Most people think of summer as a time of vacations, rejuvenation and lively fun. As an introvert who works in a family-friendly, guest-based organization, I usually just think OH MY GOD PEOPLE with a look of slightly horrified resignation plastered on my face. Then I take a deep breath, remind myself to follow my own advice (see tips below) and decide I'm going to kick this tourist-filled summer's ass.
1. Talk about it.
What?! A list for introverts that's telling you to seek out human interaction? Tourist season can get really stressful and having a friend to vent to and share stories with can help us feel validated, connected and supported.
2. Take full advantage of your breaks.
This involves actually taking them. If you can, retreat to a quiet, removed environment like a break room or your car. This small corner of peace etched into your day will keep you sane amidst the chaos.
3. Create calming rituals for before and after work.
I don't care what Pinterest says your ritual should be, keep it simple and keep it uniquely you. We're dynamic creatures with varying needs and wants and you know what centers you. And if it's not working for you anymore, change it! Just because it's called a ritual doesn't mean it's inflexible.
4. Say "no" to after-work engagements when you need to.
You know what is really fun? Saying "no" to drinks after work and going home and eating popcorn while watching "Planet Earth II" (yeah, there's a second one!). With the sheer amount of human interaction that you have to deal with during the summer, don't get burnt out by denying yourself the me-time all introverts need and deserve.
5. Laugh about it.
People are ridiculous and you are often witness to their (sometimes horrific) shenanigans. When you can, turn your personal daily horror film into your personal comic relief.
6. Take care of your body.
Tourists can be just as brutal as Florida is and neither one cares if you're overheated, dehydrated and haven't had your lunch break yet. Be smart about keeping the stress on your body to a minimum and be aware of how much you can handle before it starts impacting your health, mood and (ultimately) work.
7. Carry a worry stone.
There's something grounding about having an object to hold when you start to get overwhelmed. For me, it's like having a secret external reserve of calm and patience that I can tap into when I need it.
Breathing techniques are a personal lifeline that I have used for many years in a lot of situations. The ability to take mindful, deep breaths in the middle of a chaotic crowd is simple and powerful self-care.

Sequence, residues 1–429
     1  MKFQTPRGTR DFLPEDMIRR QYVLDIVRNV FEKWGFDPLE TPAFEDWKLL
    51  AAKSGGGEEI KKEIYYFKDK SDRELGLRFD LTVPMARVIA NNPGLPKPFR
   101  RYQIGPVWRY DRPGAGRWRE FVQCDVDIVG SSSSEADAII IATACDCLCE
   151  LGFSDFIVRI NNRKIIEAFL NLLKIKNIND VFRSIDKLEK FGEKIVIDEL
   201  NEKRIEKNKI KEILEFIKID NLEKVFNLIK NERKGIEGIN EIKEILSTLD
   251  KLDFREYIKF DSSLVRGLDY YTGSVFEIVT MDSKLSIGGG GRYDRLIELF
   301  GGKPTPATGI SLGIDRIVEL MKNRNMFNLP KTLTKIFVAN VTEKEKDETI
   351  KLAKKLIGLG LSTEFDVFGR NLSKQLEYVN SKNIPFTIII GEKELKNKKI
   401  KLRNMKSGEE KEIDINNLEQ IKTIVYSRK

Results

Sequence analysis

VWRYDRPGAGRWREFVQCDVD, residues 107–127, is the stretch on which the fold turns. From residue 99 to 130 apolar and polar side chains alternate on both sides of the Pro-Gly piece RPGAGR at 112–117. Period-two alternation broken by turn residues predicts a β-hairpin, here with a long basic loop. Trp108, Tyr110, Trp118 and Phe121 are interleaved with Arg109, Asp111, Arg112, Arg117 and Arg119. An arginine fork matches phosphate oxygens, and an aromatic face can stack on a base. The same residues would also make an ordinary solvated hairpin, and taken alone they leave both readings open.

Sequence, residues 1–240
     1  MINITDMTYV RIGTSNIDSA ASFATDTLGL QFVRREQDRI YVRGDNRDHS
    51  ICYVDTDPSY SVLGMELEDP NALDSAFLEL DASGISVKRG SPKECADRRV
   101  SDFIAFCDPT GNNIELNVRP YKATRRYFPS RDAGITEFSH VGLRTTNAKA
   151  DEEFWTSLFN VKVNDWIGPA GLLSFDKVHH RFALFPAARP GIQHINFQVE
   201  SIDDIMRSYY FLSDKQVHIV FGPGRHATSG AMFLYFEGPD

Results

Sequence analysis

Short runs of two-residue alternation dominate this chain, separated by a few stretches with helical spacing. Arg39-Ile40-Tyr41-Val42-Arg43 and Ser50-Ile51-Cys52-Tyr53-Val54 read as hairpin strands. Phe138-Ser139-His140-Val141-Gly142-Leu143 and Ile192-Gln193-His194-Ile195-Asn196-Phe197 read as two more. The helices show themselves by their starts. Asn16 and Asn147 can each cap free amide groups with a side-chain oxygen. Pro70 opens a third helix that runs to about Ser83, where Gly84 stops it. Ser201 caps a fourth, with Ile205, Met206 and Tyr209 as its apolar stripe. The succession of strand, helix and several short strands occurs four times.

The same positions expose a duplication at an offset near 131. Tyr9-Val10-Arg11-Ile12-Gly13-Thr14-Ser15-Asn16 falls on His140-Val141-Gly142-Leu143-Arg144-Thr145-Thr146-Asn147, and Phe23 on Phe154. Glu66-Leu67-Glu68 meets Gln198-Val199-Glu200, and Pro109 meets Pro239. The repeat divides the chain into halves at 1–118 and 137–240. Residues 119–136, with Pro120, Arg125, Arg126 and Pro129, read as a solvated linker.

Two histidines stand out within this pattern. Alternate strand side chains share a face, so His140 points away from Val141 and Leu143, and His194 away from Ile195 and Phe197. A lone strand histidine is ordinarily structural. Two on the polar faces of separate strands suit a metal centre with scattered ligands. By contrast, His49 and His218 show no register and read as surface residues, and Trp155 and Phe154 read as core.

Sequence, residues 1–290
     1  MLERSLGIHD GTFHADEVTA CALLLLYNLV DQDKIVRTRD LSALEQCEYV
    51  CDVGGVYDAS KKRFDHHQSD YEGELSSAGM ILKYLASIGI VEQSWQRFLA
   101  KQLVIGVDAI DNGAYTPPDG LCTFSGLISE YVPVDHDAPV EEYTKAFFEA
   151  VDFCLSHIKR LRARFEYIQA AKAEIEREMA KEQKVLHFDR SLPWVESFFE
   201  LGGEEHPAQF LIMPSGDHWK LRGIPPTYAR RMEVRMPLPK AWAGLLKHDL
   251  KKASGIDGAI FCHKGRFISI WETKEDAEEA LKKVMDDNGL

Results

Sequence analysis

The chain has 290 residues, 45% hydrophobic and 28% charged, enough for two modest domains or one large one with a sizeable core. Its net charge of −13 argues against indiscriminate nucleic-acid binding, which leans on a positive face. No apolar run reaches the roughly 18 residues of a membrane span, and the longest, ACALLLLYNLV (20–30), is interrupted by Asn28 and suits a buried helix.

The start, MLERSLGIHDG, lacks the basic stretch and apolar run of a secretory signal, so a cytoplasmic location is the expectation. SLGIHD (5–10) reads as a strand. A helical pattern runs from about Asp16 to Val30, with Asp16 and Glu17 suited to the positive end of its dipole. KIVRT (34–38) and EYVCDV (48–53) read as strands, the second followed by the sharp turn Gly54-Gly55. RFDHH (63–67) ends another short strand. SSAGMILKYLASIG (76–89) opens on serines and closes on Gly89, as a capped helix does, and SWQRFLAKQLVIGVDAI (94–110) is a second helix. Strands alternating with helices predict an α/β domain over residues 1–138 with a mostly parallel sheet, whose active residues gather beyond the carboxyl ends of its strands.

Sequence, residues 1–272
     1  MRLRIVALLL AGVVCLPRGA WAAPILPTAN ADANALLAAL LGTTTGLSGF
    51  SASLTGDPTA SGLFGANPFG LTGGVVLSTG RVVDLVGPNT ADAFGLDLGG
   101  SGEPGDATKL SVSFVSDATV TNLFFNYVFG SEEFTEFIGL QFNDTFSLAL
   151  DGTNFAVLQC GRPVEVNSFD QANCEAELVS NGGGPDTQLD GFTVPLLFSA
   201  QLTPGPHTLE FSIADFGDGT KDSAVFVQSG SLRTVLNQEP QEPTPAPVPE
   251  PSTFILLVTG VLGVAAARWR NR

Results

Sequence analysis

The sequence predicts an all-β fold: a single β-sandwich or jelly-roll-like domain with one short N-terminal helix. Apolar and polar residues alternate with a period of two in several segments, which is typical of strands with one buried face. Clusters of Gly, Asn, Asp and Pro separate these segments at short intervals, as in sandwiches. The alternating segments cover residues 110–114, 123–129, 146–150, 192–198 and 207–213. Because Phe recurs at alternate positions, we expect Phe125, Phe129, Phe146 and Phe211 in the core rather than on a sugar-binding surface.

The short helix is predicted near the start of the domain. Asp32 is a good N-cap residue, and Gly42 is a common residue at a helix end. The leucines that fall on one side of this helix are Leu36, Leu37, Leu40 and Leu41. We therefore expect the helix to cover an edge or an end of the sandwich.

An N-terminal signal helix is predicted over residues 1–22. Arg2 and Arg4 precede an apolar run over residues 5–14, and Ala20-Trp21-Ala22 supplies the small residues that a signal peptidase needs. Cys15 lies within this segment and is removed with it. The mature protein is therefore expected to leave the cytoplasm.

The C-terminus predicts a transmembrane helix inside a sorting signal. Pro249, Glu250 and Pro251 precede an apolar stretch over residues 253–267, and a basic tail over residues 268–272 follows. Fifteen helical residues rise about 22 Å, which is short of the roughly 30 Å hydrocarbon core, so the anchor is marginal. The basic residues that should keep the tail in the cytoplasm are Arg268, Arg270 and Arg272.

9. Make up stories about the people you see.
A guest-centric job means prime people-watching. Take notice of and appreciate all the people who aren't giving you shit. And for the people who are, take solace in making up particularly tragic backstories (which may actually help stir up some sympathy for them).
10. Dress comfortably and stylishly.
Most places have a required uniform, but you may have some freedom in the way you wear it. Accessorize and choose the components of your outfit you have control over so that you feel comfortable and confident.
11. Cut down on interactions with people who stress you out.
It'd be nice if we all got along all the time, but alas, we live in reality and our tolerance for people is already stretched thin during the summer months. It may be beneficial to distance yourself from those who bring you down, but be careful you don't start a situation that's going to stress you out even more.
12. Pass on difficult guests when it is appropriate.
A lot of times we want to resolve things independently, but difficult guests are going to be a major drain on our already depleted emotional reserves. If it is appropriate, pass the guest on to someone whose job it is to actually deal with those situations and move on with your day.
13. Plan a vacation.
In those rough moments where you just want to quit on the spot, give yourself something to look forward to. Knowing you have a planned break in the future gives you a light at the end of the long, humid tunnel of summer. Plus, you deserve it.
Orlando is a hot (ha, get it?) destination for vacationers and they're bound to invade many of our workplaces with expectations, questions, attitudes and sometimes consolingly sweet interactions. Stay strong, take care of yourself and have faith that summer will end.